New York City is full of incredible properties, but it’s not known for its castles. You have to go to New Jersey for that. Over near Bernardsville Mountain, in northern New Jersey, is the Stronghold Castle—probably one of the most impressive homes in the entire state. It’s the work of the architect George B. Post, who purchased 104 acres around the mountain in 1871. Soon after, in 1886, Post was commissioned to design a house for James Coleman Drayton, a New York banker and the son-in-law of William Backhouse Astor on one of the highest points in the area. The result? A two-story, stone villa with a tower commanding views of the estate’s 128 acres. Over the years, different owners added to the home and it evolved into this modern-day castle. Between 1940 and 1995, it served as a private girl’s school. The latest owner, who bought in 2004, restored the castle in all its grandeur while adding modern additions to make it a cozy home. (Or, as cozy as a castle can be.)
During his prolific career, Frank Lloyd Wright built four houses in the Garden State, the first and largest being the 2,000-square-foot James B. Christie House in Bernardsville, which dates to 1940. At the time, Wright, who coined the term “organic architecture,” told his client to find a site with “as much individuality as to topography and features—stream, trees, etc. and as much freedom from adjacent buildings as is possible.” Christie obliged, and the resulting home sits on seven acres of secluded woodland. For the physical architecture, Wright employed his Usonian principles of simplicity, practicality, and a connection to nature.
As Curbed reports, after selling in 2014 to a private buyer for $1,700,000, the Christie House is now on the market for $2.2 million after receiving a new roof and heating system.
As any good New Jerseyan knows, The Boss loves living low-key at the Shore. From his days rocking the Stone Pony (where he’ll still make the occasional surprise appearance) to his time living in this little beach bungalow, Bruce Springsteen has never been one to adopt a high-profile lifestyle. This is further evidenced by the suburban house in which he lived during the 1970s and ’80s. Yes, it’s a bit of a mansion, but it’s located in the unassuming community of Holmdel, and when he took up residency there in 1976, he was only paying $700 a month. It was here that he wrote and rehearsed with the E Street Band much of the “Darkness on the Edge of Town” and “The River.” After listing previously as a $5,000/month rental, the farmhouse at 7 The Summit is now asking $3.2 million, according to the Asbury Park Press.
Just two months ago, the state allocated $70 million for early engineering work on a new Hudson River tunnel, part of the larger $20 billion Gateway project to fix the crumbling, century-old tunnels that currently carry New Jersey Transit and Amtrak trains under the Hudson River. Despite the move forward, a traffic consultant from Delaware thinks he has a better idea.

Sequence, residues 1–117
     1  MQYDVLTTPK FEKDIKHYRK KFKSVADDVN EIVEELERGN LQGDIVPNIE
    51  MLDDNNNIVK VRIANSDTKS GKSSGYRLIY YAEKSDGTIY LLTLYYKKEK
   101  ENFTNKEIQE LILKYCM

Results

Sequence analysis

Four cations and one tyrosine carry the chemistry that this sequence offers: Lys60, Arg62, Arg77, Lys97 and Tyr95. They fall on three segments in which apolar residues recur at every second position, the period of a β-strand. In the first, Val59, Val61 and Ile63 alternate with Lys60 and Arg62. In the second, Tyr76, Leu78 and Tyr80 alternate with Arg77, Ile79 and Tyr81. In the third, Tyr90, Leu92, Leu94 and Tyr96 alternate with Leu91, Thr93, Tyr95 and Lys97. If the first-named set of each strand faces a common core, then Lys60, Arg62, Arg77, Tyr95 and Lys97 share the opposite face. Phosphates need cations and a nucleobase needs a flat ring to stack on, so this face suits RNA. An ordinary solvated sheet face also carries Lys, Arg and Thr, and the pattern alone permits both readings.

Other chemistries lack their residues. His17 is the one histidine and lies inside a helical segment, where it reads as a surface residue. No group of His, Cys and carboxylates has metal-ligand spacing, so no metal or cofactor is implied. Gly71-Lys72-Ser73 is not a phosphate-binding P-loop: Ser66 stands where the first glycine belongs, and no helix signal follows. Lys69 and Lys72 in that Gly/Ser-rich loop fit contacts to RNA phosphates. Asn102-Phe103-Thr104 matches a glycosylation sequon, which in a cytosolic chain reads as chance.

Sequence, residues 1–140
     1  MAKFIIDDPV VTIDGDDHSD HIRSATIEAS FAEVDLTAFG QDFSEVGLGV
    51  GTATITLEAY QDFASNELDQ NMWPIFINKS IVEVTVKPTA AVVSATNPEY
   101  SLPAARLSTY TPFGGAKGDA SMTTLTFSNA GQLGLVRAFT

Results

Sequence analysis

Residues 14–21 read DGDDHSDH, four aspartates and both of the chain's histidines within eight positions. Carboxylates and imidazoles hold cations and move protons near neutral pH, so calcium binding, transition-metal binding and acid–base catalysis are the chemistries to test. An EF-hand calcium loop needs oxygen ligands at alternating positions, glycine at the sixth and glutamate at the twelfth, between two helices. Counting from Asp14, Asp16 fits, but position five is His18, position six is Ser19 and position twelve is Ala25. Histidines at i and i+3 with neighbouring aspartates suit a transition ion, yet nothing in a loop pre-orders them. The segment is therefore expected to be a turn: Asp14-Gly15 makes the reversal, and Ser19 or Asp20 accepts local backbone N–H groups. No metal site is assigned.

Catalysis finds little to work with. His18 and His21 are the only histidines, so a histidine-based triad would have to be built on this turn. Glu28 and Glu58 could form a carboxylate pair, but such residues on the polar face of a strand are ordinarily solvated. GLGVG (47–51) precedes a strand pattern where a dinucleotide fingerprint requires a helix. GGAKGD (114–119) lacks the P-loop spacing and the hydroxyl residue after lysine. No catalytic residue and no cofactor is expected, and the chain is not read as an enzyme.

NJ.com shared Scott R. Spencer’s proposal for twin suspension bridges that would stretch 3.5 miles from New Jersey, across Manhattan at 38th and 39th Streets, and in to Queens. He believes the plan, aptly titled the Empire State Gateway, would be a much quicker solution to the current transportation woes, with one bridge taking about five years to complete versus 20+ years for the tunnels. Spencer’s idea, however, would also cost $20 billion, and as Untapped points out, would cast quite the shadow over Midtown (not to mention the countless approvals and variances it would require).
New Yorkers might want to stop hating on Jerseyans, because without the bridge and tunnel demographic the city would be a barren wasteland, at least according to this fun map from Very Small Array. First spotted by Brokelyn, the map uses census data to plot the state from which most people come in a given neighborhood (excluding those originally from New York). And as you can see, New Jersey makes up the majority of the city, followed not surprisingly by California. Florida, the third-place state, is a bit more unexpected, as is the fact that Mill Basin/Bergen Beach is full of Alaskans.
Carter Uncut brings New York City’s latest development news under the critical eye of resident architecture critic Carter B. Horsley. Here, Carter brings us his seventh installment of “Skyline Wars,” a series that examines the explosive and unprecedented supertall phenomenon that is transforming the city’s silhouette. In this post Carter looks at the new New Jersey skyline.
The hulking, 781-foot-high Goldman Sachs tower at 30 Hudson Street in Jersey City is like the Rock of Gilbraltar to Lower Manhattan’s famed skyline: massive and impressive. To some, perhaps, it conjures a Monty Python catapult or a very steep cliff on which to mount the Guns of Navarone for an assault on Lower Manhattan. It dominates the Jersey City skyline, which is a bit Spartan, especially in comparison with Brooklyn’s. Most of the skyscrapers in Brooklyn, however, are not directly on the waterfront and the Goldman tower is very much “in your face” on the water. Furthermore, all of a relative sudden, Jersey City is about to explode with three taller towers, which I can only describe as delirious, dancing, shimmy-shimmy-shake buildings with drop-dead vistas of Manhattan and the Hudson.